From those moments in the hospital, when I should have been resting but couldn’t for the fear and excitement I felt, and from every moment afterward, my love has grown.  So my daughter and I might not have had fireworks right away, but as I have come to find out, we had something better.  We had a spark, just enough to catch fire.  Every single day it burns brighter than the last.  And this fiery love and my daughter herself have illuminated my life in ways I never thought possible.

Thank you my darling Lyla for not giving up on me that day.  And thank you for filling my life with more joy, more laughter and more poop… than I ever imagined.

  15 Responses to “Slow Burn: Looking Back on the First Year”


    This is GREAT. And just right. Wisest pre-baby advice I ever received? “You may not fall in love with your newborn right away. Sure, you’ll feel awed, responsible, amazed, connected. But how many people fall in love at first sight? Don’t feel bad if it takes a while to fall in love with each other. You will.”

    Happy Birthday, Lyla!


    “The nurse immediately placed this sweet, tiny (albeit screaming) baby on my chest and I finally stared into her beautiful blue eyes and felt… really fucking tired.” So, so true. You truly do not know tiredness until you have a baby. It was then that I understood how sleep deprivation could be used as a form of torture. Great post and totally on the money.


      Thank you. The funny thing is that you never recover from the sleep depravation, because it never ends. Or maybe it does after… 16 years? 18? Please?


        Haha, I’ll let you know…


        I once read a book called Run Like a Mother. In it a woman describes her experience running marathons. She said that even though she poured herself into each race and finished exhausted, she always felt like she’d left something in the tank – that she hadn’t fully emptied herself. Then one day she ran a race, and less than 1/2 a mile before the finish line, she felt herself give out, but she pushed and pushed and finished. In the end, she felt like she had given that race everything. She describes the feeling of being completely empty, finished.

        I want to have that same experience only with sleep.I want to sleep and sleep until I am entirely void of tiredness. My oldest will be 16 tomorrow, and I’m pretty sure I can count on both hands the number of really great nights sleep I’ve had. And that includes nightcap nights. Still I wouldn’t change a thing. Sleep is a small price to pay for life’s greatest love, joy, and adventure.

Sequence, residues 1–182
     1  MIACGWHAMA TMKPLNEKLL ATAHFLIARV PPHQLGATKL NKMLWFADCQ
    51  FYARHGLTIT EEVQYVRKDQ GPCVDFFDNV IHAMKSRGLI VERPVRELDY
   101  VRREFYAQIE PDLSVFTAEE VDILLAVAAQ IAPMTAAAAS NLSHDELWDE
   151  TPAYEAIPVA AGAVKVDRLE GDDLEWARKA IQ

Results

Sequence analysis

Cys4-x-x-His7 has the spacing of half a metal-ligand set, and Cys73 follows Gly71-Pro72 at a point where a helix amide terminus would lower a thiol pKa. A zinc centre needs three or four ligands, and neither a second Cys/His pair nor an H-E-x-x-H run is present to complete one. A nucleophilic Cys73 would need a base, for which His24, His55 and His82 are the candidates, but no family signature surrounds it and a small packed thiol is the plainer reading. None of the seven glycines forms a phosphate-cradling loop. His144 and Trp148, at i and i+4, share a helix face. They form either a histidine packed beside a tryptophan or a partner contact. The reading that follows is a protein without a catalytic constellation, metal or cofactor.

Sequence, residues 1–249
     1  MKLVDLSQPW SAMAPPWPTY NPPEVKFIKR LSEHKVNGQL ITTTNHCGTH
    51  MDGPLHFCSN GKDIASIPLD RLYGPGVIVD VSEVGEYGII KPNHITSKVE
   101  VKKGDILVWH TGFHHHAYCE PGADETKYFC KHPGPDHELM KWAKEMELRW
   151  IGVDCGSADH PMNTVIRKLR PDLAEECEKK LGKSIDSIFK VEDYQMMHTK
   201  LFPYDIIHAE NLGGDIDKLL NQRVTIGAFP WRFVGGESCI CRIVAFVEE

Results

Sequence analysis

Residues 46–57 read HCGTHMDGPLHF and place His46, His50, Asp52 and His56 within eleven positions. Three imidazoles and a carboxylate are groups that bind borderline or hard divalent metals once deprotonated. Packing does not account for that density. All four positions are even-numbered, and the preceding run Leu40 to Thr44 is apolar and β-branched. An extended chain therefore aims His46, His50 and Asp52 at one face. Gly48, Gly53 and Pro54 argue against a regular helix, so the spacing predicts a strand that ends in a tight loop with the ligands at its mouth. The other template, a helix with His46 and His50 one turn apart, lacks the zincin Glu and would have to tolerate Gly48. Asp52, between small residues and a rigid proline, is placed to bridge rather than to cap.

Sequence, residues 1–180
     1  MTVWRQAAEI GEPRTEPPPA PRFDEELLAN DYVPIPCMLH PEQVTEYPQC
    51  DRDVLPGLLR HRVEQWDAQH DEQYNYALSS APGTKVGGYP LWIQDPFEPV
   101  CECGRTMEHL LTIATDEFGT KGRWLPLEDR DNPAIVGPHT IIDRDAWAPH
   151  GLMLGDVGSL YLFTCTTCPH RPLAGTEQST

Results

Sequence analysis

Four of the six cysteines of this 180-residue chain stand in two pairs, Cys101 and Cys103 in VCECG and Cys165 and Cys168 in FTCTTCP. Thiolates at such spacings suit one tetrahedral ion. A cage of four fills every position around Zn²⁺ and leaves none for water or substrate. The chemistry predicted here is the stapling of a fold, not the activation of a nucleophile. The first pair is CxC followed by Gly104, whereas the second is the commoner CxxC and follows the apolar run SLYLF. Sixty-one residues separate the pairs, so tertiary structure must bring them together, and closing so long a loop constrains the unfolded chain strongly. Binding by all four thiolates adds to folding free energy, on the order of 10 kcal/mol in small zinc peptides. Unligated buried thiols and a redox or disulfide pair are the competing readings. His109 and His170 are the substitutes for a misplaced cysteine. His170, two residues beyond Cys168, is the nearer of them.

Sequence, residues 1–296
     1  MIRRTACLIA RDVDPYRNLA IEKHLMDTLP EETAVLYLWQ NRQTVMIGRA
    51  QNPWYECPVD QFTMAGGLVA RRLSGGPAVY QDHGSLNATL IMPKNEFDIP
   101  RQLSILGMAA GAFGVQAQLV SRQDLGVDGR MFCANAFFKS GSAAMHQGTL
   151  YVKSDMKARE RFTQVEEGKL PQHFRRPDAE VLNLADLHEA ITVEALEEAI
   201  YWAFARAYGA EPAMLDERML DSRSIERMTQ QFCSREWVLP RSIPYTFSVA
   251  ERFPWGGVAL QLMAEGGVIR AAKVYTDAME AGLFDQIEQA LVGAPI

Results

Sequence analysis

You are wonderful. Thank you for sharing this. I admire you tremendously Courtney. And love you..boy how I love you :-)! xoxoxoxox


    Courtney – maybe those you have not had a baby will judge you and maybe that is why I don’t. Because I know exactly what you mean. I don’t even remember when I first saw Charlotte – pretty sure it was after I puked my Chili Cheese Fries from Gunther Toody’s I had the night before…………….. But once the meds weren’t so strong and all the doctors were gone – I looked over at my tiny baby girl and realized that I was in love. I love that we both have daughters and I love you and your daughter very much!


    You are clearly not the only one 🙂 I didn’t really feel like I was in love with my daughter until day 2.. maybe when the catheter came out (C section).. It was really awesome to read this. My daughter being 7 now, I forgot what those first few hours and days felt like! Happy 1st birthday to your daughter, enjoy it!


    And then when you have #2 you’ll spend 9 months terrified you won’t love her as much as #1. In fact, it did take a little time. I love them all as much as the first one now, but the first baby will always hold a special place in my heart – maybe because I feel guilty that he has been the subject of all our parenting experiments, poor boy.


    Thank you! I felt this way with my second, who just wore me out and made me miserable from about the 6th week of pregnancy all the way through the FORTY THIRD WEEK (yup. Almost ELEVEN months!) when we finally sent the doctor in to get him. And I thought, “crap! I shouldn’t have had another one! I’m not sure I like him!” Then I felt AWFUL for feeling that. As it turns out… 10 1/2 months later I like him very much. I just had to get to know him a little better. 🙂